*Mathcad was bought by PTC and then not updated for years and the support forums were shut down, so I assumed–apparently naively!–that Mathcad was on the way out. But no, it retains a market among engineers. Now that I know it still exists, I may have to buy it!
Also this week: wildlife biology career advice, wildlife biology cautionary tale, why saving the planet doesn’t mean stopping economic growth, noted wilful p-hacker retires, and more.
Research universities want to hire professors who will run productive research programs. One way that search committees project future research productivity is by looking at past research productivity. And one measure among others of past research productivity is first-authored papers in “leading” selective journals.
So, how many first-authored papers in leading journals do you think you have to have to even be competitive for a tenure-track asst. professor position in ecology or an allied field (e.g., fish & wildlife) at an N. American R1 university? By “competitive” I basically mean “the minimum number with which you could be hired at an R1.” And how many do you think the typical newly-hired tenure-track asst. professor of ecology at an R1 university has? I have the data, but I’m curious what you think I found. So take the two-question poll below!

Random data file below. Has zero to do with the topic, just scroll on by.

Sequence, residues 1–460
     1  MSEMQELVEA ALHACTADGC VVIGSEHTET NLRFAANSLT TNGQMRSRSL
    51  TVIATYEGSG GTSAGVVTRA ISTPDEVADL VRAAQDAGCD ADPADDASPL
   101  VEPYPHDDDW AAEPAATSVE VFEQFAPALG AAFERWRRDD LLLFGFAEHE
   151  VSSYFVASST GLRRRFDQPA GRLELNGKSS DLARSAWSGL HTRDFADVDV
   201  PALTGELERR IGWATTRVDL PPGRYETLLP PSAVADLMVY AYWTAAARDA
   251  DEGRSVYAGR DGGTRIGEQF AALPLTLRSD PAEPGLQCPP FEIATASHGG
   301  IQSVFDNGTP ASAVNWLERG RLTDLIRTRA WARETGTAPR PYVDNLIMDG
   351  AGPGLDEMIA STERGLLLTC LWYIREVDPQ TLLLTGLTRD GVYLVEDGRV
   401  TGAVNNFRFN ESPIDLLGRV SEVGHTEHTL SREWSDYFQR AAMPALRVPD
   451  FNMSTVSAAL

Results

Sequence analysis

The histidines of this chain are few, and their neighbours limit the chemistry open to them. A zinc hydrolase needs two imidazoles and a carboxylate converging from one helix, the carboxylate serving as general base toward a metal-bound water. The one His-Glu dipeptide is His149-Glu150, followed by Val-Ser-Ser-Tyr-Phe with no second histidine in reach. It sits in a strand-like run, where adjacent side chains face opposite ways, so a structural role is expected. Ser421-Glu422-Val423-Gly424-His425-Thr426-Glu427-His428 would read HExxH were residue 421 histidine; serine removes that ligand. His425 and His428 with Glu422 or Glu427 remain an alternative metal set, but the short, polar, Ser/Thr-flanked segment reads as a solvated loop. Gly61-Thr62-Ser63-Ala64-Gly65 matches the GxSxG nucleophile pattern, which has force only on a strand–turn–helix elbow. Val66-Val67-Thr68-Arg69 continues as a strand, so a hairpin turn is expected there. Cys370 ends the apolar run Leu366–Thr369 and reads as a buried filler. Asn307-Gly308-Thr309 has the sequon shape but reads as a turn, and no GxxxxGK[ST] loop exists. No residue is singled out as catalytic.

To make sure that respondents all define “leading” journal in roughly the same way, here’s the “search image” I want you to use. “Leading” journals includes those in all fields in which ecologists or people in allied fields might publish. For general ecology journals, “leading” for purposes of this poll basically means “Oikos and Oecologia on up”. So journals like Ecology Letters, Am Nat, Ecology, TREE, JAE, GEB, Oikos, and Oecologia, but not (say) Ecosphere, Ecology & Evolution, or TPB.* For general science, think Nature, Science, PNAS, Nature Communications, etc., but not (say) Plos One,
Science Advances, or PeerJ. And so on for general biology journals, evolution journals, etc. (UPDATE: Science Advances is actually a rough equivalent of Nature Communications, I mixed it up in my mind with another journal. My bad, sorry for any confusion, thanks to a commenter for pointing out my error.)
*Which is not a criticism of those journals! I myself have several papers in journals I would not consider “leading” journals.